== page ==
Research on decision making under uncertainty demonstrates that intuitive ideas of randomness depart systematically from the laws of chance. Two such departures involving random sequences of events have been documented in the laboratory, the gambler's fallacy and the hot hand. This study presents results from the field, using videotapes of patrons gambling in a casino, to examine the existence and extent of these biases in naturalistic settings. We find small but significant biases in our population, consistent with those observed in the lab.
Bibliographical noteFunding Information:
The authors thank Eric Gold for substantial contributions in earlier stages of this project. Thanks also to Jeremy Bagai, Dr. Klaus von Colorist, Bradley Ruffle, Paul Slovic, Willem Wagenaar, participants of the J/DM and ESA conferences, at the Conference on Gambling and Risk Taking and at seminars at Wharton, Caltech and INSEAD for their comments on this paper. Special thanks to the Institute for the Study of Gambling and Commercial Gaming for industry contacts which resulted in the acquisition of the observational data reported here. Financial support from NSF SES 98-76079-001 is also gratefully acknowledged. All remaining errors are ours.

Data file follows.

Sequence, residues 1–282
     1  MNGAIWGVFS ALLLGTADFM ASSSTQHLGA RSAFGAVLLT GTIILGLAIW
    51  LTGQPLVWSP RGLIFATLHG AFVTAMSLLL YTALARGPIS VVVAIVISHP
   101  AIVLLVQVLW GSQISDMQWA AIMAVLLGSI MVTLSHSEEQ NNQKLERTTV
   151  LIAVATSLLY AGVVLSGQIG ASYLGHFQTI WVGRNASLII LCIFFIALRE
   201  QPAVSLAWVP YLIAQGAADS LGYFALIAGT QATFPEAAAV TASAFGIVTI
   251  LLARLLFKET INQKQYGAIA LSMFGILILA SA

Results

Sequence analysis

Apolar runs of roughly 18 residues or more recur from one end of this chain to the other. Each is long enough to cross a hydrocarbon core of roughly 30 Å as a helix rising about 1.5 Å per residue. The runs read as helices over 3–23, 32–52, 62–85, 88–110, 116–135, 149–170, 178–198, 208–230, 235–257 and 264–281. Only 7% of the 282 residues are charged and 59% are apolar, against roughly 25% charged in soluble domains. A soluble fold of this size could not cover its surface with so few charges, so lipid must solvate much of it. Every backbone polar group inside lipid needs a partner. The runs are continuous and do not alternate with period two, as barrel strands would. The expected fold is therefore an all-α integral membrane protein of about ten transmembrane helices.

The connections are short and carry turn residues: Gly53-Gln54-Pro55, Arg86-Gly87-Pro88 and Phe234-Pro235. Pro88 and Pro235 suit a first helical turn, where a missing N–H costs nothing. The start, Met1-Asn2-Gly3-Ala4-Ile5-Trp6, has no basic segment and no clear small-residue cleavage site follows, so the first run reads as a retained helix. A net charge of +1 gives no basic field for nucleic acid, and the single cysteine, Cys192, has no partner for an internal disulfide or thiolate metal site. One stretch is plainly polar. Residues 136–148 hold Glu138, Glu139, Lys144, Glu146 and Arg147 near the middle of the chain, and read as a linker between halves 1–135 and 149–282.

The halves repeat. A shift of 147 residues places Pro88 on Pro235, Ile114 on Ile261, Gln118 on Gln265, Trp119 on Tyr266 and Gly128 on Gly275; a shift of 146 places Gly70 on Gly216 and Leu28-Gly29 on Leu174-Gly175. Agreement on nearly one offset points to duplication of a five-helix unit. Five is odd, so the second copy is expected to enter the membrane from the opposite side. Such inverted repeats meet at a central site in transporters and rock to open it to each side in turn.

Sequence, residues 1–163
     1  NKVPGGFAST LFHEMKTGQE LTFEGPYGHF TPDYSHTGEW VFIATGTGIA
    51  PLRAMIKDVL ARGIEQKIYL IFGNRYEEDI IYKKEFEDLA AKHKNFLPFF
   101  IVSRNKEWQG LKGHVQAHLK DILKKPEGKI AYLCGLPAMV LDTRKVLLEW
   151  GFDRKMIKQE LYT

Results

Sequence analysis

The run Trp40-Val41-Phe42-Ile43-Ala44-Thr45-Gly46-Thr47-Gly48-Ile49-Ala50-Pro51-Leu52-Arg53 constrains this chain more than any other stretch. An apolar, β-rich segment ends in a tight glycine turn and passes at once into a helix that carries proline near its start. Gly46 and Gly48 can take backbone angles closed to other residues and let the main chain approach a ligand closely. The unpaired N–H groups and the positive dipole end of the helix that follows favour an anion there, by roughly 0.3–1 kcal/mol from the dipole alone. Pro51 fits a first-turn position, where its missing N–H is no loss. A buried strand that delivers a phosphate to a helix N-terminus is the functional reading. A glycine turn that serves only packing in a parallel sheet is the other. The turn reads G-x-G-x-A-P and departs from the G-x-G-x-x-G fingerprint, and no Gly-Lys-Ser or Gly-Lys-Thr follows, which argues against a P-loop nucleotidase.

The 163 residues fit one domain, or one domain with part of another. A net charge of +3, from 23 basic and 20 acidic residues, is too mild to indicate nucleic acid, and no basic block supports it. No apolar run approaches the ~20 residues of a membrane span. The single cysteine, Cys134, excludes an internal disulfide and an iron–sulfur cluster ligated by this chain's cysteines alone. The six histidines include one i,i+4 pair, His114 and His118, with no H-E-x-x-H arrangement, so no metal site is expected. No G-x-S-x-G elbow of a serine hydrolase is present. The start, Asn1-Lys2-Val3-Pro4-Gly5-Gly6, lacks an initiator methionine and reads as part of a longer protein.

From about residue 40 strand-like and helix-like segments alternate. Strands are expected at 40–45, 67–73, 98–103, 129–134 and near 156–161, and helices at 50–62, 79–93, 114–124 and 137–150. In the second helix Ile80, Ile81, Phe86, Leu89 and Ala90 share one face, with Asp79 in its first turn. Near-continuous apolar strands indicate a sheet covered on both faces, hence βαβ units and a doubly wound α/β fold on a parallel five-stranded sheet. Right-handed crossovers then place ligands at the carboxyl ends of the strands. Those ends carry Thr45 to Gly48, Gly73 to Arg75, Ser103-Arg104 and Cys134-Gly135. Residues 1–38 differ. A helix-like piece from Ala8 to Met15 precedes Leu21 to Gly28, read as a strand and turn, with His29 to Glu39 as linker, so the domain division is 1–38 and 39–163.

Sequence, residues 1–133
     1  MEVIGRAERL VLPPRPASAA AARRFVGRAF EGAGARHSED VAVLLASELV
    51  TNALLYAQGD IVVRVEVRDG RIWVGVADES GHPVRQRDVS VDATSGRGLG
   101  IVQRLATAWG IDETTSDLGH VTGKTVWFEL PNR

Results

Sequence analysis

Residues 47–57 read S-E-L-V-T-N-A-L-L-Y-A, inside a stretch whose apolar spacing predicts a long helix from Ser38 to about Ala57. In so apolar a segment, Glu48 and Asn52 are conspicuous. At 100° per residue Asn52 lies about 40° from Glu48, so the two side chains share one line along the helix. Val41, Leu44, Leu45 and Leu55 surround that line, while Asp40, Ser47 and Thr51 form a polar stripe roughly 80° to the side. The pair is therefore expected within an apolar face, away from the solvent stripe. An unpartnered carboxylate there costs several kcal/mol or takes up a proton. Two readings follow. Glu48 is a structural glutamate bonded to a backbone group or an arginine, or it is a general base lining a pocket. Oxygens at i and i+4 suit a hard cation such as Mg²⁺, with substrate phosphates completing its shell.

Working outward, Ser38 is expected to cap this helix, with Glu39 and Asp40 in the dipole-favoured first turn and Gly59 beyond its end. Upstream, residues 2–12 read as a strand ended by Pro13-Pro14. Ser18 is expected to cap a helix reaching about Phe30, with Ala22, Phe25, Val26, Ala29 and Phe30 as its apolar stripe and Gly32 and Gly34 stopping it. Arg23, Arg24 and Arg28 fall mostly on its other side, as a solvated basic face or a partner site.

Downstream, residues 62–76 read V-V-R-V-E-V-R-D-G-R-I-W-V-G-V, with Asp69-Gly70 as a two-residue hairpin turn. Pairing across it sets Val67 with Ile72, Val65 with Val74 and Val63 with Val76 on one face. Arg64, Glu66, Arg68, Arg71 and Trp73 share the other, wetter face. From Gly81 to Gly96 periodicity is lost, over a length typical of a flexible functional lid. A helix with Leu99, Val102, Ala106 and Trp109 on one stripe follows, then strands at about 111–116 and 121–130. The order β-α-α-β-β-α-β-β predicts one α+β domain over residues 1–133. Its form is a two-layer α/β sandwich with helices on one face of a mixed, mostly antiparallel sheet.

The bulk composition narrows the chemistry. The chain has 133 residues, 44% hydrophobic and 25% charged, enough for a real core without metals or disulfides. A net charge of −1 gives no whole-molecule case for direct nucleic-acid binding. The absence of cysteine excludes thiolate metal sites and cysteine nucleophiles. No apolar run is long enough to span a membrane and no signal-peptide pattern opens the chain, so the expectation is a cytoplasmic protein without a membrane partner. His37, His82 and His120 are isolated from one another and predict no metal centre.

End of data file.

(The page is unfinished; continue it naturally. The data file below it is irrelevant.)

- Field study
- Perceptions of randomness